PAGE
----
Social networks and the massive migration within China

Ginger Zhe Jin, Yuyu Chen, Yang Yue 07 March 2010

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China is experiencing the largest internal migration in human history. In 1990, over 34 million workers left their rural homes in search of urban jobs. This number increased to 67 million in 1999 and nearly 135 million in 2005. While rural-to-urban migration is one of the most important drivers for economic growth (Young 2003), the massive migration has touched the life of Chinese people in many other ways.

Due to residence permit and other institutional barriers in China, most migrating workers leave their families in the village and travel between rural home and urban jobs every year. Not only does this create traffic congestion around the Spring Festival, anecdotes suggest that rural migrants take the most dirty and dangerous jobs in the city but have the least labour protection; many migrants carry their annual earnings in cash only to become the target of theft on the way home; some rural children grow up with physical and social problems because their parent(s) are far away; and the elderly have to fill in as the guardian of grandchildren and farm the land for the whole family.

In a recent working paper (Chen et al. 2010), we examine the determinants of migration. Classical theories argue that an individual will migrate if the discounted present value of income gains exceeds the direct cost of migration (Sjaastad 1962). These models emphasise geographic attributes (e.g. distance to destination), individual characteristics (e.g. age and education), and market factors (e.g. wage gap and land ownership). More recently, economists have stressed the role of social networks in job markets and extended the idea to labour migration (see Ioannides and Loury 2004 for a detailed review). As modelled in Carrington et al. (1996), if earlier migrants help later migrants by reducing the cost of moving to the same destination, migration may occur gradually but develop momentum over time. This explains why migration tends to cluster geographically and why migratory flows may increase even as wage differentials narrow.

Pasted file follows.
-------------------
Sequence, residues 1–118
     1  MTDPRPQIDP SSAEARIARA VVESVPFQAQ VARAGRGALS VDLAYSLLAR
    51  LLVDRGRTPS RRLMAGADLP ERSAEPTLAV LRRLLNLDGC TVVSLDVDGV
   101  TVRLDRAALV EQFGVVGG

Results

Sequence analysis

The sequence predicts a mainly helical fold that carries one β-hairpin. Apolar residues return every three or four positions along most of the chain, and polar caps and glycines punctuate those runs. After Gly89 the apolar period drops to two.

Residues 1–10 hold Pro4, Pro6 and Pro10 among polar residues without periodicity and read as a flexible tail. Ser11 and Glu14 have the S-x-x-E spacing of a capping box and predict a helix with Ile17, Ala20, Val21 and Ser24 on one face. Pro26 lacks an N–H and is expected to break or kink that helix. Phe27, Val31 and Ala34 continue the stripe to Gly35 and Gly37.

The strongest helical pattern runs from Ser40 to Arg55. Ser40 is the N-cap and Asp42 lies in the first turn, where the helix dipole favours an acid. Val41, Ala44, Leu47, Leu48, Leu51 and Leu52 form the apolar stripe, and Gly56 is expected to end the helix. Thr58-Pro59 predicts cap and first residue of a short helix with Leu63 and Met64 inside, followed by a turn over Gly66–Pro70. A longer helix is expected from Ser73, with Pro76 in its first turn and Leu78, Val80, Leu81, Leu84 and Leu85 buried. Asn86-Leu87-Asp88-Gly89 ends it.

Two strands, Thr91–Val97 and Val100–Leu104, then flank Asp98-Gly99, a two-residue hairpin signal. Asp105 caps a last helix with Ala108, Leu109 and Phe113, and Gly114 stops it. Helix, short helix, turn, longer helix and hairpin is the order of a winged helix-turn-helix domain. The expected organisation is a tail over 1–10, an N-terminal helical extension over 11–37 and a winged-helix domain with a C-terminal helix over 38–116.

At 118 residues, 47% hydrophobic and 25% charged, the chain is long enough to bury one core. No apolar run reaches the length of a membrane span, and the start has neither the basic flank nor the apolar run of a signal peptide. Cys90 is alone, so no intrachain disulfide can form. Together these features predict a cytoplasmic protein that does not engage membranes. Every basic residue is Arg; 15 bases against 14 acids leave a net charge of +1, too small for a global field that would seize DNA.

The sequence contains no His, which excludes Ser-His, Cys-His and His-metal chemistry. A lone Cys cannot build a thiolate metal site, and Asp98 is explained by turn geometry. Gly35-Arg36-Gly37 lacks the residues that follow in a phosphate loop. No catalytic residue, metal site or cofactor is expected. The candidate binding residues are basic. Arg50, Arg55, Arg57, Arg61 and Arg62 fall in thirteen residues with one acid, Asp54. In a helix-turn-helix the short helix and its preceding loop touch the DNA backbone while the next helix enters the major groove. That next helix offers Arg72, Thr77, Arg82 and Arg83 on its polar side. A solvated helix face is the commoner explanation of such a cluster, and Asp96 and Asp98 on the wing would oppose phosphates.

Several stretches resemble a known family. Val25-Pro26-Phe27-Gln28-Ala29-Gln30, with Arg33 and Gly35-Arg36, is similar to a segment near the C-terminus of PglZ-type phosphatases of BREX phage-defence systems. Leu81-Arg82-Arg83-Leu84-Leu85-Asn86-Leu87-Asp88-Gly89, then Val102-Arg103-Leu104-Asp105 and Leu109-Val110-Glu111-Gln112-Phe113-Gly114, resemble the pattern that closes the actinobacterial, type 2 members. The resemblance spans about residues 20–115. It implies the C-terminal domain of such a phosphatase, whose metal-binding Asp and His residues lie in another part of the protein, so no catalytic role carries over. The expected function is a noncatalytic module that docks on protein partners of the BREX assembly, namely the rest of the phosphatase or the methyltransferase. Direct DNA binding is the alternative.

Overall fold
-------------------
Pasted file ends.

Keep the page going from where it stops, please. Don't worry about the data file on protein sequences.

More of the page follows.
Using the 2006 China Agricultural Census, we examine the role of social networks in migration while controlling for observed and unobserved factors at the individual level. Previous researchers have done similar exercise for Mexican migrants (Munshi 2003, Mckenzie and Rapoport 2007), but since their data only cover 57 communities and 200 households per community, it is difficult to quantify the strength of social networks within a community. In contrast, our data aim to cover everyone who has a residential permit (hukou) in a continuous rural area, including those who have migrated for remote jobs. In total, we observe 5.9 million individuals in 3950 villages that belong to 250 townships within 8 counties. Among the 3.3 million adults that are available for work, 17% choose to migrate for urban jobs and they are more likely to be young, male, relatively better educated, and from a household with fewer young children, fewer contract land, but close to a bus station. Figure 1 shows the percentage of adults that migrate by age and gender in our sample, where an individual is defined as migrant if he or she has been away from the village for the reason of work for more than 15 days in 2006. Figure 2 shows that most migrants are away from home for more than 8 months a year.